Memory CD8 T cells provide immune hosts with enhanced protection from pathogenic infection due to an increased precursor frequency of antigen (Ag)-specific cells, widespread localization to both lymphoid and non-lymphoid tissues, and ability to rapidly execute effector functions such as cytokine production and cytolysis compared to naïve CD8 T cells [1–3]. Protection provided by memory CD8 T cells is dependent upon the number, quality (functional abilities), and location of memory CD8 T cells available at the time of infection. Importantly, the quality and location of memory CD8 T cells best suited to combat diverse infections is dependent upon the tropism of the invading pathogen. Memory CD8 T cells consist of a heterogeneous population of cells  that were initially categorized into central memory (Tcm) and effector memory (Tem) subsets based on CCR7 and CD62L expression, and that differ in anatomical location and functionality [5,6]. Recently, an additional subset of memory CD8 T cells has been described that reside in non-lymphoid tissues and that have been called tissue-resident memory (Trm) cells . While the relative protection provided by circulating Tcm and Tem cells differs depending on the nature of infection [6,8–10], both are better suited to provide protection against systemic infection than Trm cells that provide enhanced protection against infection that occurs within peripheral tissues [11–15]. Several studies have suggested that Trm cells may be long-lived in the skin following VacV or HSV infection and in mucosal surfaces following intramuscular immunization with adenovirus vectors [12,15,16]. However, other studies examining Trm generated following influenza have suggested that Trm cell numbers wane following infection . Therefore, longevity of Trm cells likely depends on the infection/vaccination model and the tissue of memory residence. However, circulating memory CD8 T cells persist for great lengths of time following immunization or systemic viral infection. For example, lymphocytic choriomeningitis virus (LCMV)-specific memory CD8 T cells are maintained at stable numbers in the spleen for the life of the laboratory mouse , and detectable numbers of memory CD8 T cells can be found in human PBL 20–75 years after natural exposure to, or vaccination against yellow fever virus, measles virus, and smallpox [19–23]. However, several studies have indicated that some properties of circulating memory CD8 T cells change with time after infection. For example, expression of CD62L and CD27 (markers of central memory cells) increases, indicating that the subset composition of the memory population changes with time after infection. In addition, functions such as cytokine production, proliferation, and memory generation following Ag re-encounter, increase with time [24–28]. The full extent of phenotypic and functional alterations that occur within the memory CD8 T cell population with time after infection, however, remains poorly characterized. It is unclear if alterations are due solely to differences in subset composition of memory CD8 T cell populations, or to changes within defined memory subsets. These are important questions to address, as the level of protection provided against systemic infections may change with time following initial infection and/or vaccination.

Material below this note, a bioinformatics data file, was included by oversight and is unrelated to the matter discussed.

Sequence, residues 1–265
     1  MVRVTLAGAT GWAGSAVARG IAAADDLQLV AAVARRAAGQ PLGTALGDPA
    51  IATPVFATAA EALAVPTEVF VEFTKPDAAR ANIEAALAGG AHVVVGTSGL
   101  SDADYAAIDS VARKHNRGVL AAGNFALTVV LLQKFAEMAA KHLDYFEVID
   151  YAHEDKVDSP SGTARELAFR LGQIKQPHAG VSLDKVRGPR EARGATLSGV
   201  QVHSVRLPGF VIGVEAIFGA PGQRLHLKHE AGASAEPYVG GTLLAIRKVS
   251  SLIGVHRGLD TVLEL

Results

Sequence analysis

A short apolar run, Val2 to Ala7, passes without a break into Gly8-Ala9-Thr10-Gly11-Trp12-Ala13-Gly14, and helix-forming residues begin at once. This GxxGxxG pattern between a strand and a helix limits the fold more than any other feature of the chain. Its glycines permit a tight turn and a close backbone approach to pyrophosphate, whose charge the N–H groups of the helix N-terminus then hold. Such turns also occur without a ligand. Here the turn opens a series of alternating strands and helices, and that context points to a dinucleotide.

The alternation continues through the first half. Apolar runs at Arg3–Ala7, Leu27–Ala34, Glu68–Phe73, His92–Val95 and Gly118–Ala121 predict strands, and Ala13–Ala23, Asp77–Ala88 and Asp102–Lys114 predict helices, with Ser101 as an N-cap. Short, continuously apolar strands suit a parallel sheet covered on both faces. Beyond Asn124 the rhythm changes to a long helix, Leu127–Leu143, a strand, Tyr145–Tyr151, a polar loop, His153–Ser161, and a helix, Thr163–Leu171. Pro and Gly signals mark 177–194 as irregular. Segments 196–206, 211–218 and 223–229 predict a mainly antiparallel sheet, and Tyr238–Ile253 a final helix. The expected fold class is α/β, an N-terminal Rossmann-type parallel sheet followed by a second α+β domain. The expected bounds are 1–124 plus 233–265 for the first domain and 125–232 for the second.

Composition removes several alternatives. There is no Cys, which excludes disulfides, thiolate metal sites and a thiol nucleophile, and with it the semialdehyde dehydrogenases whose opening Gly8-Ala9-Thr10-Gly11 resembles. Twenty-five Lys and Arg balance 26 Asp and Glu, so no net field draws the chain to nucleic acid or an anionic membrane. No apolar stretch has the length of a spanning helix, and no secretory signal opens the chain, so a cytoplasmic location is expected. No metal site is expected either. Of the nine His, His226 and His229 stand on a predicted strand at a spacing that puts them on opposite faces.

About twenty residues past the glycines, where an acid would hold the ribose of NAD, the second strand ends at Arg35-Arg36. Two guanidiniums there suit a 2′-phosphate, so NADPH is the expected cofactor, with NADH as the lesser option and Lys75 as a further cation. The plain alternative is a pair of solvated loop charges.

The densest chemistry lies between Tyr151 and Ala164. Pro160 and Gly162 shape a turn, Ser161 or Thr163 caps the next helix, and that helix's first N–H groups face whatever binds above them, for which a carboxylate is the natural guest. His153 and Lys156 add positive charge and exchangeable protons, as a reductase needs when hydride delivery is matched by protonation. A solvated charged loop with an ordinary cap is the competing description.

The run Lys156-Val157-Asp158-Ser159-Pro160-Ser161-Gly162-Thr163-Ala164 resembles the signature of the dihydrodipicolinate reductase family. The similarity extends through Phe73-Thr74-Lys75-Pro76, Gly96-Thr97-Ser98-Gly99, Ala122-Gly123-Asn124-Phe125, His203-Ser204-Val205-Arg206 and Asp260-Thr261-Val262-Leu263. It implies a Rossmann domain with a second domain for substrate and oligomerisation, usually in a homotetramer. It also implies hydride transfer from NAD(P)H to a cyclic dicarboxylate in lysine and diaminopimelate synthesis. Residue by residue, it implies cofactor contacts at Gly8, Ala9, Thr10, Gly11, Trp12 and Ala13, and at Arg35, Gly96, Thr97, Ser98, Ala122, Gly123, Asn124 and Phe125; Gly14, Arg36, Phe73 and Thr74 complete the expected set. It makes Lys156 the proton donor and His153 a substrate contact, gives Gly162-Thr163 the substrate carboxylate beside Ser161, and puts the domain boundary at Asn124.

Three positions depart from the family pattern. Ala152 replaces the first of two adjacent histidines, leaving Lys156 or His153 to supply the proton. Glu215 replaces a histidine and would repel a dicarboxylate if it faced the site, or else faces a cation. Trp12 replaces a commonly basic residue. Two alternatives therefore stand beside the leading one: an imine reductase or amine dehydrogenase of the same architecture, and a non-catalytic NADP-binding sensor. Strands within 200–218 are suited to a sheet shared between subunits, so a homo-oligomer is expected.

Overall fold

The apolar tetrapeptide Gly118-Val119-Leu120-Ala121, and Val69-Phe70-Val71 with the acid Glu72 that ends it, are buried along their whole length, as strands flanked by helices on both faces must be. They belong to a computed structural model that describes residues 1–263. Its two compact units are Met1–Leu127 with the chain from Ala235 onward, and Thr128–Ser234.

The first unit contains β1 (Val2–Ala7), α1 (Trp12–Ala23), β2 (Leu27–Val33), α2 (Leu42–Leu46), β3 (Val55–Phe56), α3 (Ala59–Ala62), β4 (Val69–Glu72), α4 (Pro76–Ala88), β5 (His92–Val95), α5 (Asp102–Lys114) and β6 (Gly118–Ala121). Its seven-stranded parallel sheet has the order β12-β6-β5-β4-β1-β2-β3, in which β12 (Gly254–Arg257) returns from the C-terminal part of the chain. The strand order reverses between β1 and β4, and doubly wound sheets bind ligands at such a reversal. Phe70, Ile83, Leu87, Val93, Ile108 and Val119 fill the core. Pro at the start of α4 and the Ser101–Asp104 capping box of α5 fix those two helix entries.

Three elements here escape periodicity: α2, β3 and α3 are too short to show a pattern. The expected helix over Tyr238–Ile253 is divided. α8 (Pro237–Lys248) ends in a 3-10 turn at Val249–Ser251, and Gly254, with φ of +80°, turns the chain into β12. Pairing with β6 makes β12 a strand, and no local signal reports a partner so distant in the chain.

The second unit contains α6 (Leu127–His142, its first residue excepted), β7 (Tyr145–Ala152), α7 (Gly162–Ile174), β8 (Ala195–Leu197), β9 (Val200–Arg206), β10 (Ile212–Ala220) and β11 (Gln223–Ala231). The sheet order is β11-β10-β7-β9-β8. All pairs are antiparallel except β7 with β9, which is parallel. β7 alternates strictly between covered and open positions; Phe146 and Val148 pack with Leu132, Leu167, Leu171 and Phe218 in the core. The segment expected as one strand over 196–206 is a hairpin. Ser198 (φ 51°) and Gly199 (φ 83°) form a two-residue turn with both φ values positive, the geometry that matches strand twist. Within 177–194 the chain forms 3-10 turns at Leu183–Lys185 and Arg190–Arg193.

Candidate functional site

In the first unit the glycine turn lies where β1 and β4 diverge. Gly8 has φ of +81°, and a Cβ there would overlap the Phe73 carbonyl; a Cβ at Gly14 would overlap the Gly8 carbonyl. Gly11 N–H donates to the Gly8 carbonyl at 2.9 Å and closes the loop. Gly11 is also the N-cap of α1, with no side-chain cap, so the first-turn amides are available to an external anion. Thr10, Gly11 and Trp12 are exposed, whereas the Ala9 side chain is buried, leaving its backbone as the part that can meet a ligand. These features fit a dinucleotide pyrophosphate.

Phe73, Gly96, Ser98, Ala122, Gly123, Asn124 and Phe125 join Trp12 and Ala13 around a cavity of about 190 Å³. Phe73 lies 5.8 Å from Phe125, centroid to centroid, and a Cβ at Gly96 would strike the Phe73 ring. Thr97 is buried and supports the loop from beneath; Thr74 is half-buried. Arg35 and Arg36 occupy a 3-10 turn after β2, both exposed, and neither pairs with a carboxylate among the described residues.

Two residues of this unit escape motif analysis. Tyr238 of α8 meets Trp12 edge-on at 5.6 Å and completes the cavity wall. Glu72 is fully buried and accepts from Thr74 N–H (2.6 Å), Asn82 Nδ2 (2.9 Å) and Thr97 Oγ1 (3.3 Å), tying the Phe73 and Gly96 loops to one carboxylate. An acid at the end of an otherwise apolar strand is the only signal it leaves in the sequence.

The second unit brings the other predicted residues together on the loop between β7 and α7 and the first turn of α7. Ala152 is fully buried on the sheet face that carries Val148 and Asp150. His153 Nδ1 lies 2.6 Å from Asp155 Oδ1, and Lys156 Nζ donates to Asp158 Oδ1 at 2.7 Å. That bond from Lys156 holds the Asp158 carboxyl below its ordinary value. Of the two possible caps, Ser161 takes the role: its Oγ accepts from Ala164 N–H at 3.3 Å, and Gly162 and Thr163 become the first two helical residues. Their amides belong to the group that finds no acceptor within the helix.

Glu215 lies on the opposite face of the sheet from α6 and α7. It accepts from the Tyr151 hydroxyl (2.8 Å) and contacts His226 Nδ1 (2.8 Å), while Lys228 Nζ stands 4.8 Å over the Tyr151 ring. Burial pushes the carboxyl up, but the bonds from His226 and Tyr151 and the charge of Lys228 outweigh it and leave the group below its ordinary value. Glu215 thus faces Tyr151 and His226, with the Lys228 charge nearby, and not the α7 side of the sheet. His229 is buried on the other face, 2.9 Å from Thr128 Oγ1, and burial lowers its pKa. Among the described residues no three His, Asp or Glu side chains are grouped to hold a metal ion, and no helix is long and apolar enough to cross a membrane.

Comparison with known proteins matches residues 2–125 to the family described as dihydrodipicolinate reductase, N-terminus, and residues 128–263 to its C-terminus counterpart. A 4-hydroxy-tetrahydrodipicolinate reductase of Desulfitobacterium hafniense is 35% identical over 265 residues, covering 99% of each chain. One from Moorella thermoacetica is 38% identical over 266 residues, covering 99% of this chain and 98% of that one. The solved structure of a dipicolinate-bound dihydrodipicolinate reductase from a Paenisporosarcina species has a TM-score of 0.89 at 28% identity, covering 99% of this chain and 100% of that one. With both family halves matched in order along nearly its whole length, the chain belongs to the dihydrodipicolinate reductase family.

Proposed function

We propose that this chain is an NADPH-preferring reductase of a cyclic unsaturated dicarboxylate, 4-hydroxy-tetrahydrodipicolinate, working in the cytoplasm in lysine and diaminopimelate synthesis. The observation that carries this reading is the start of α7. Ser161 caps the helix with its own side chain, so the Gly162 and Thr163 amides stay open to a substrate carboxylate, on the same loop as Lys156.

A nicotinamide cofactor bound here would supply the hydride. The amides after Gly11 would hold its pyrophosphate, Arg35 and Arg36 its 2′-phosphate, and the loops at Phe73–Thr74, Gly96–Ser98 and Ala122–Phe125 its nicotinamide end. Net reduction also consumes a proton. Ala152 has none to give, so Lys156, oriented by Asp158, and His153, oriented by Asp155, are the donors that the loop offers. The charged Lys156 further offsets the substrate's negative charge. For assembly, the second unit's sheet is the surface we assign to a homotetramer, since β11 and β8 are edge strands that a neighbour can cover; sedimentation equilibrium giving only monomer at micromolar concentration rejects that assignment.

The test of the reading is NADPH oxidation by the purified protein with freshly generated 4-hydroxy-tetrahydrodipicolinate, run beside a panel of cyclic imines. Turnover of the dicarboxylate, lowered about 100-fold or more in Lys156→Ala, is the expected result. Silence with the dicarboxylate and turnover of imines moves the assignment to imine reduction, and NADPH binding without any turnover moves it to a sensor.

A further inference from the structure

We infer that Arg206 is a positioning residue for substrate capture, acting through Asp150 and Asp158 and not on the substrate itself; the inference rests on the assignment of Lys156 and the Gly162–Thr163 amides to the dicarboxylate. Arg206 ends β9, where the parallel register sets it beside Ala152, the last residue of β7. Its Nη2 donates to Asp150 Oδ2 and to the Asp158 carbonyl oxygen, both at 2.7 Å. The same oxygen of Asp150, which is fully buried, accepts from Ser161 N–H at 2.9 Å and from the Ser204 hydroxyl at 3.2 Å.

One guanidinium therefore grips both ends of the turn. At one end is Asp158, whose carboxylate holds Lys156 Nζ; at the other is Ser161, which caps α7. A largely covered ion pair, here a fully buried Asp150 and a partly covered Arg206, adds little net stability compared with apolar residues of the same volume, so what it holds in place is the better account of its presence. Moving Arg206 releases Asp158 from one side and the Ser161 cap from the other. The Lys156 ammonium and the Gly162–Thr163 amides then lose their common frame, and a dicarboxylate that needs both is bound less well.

Protection provided by memory CD8 T cells is dependent upon their numbers, functional ability (quality), and location at the time of infection . We have shown that the quality of the circulating memory CD8 T cell population differs with time after infection in a manner not solely due to shifts in memory subset composition. Some functions of memory CD8 T cells analyzed on the population level, such as ability to produce IL-2, increased with time after infection, but were no different in CD62Lhi memory cells early or late after infection. However, other qualitative aspects of memory CD8 T cells including proliferation in response to the homeostatic cytokine IL-15 or to Ag, and mitochondrial function increased with time after infection when both the memory CD8 T cell population, and defined CD62Lhi subsets were analyzed. Thus, while some alterations in the functional abilities of memory CD8 T cells with time after infection can be attributed to shifts in subset composition, other qualitative changes cannot be wholly attributed to shifts in subset composition. Interestingly, as a consequence of these functional changes, the protection provided by memory CD8 T cell populations and CD62Lhi memory CD8 T cells against a chronic viral infection increased over time. Importantly, our data suggests that the outcome vaccination schemes designed to elicit protective memory CD8 T cells will depend on the timing between booster immunizations, and on the timing of re-infection following vaccination.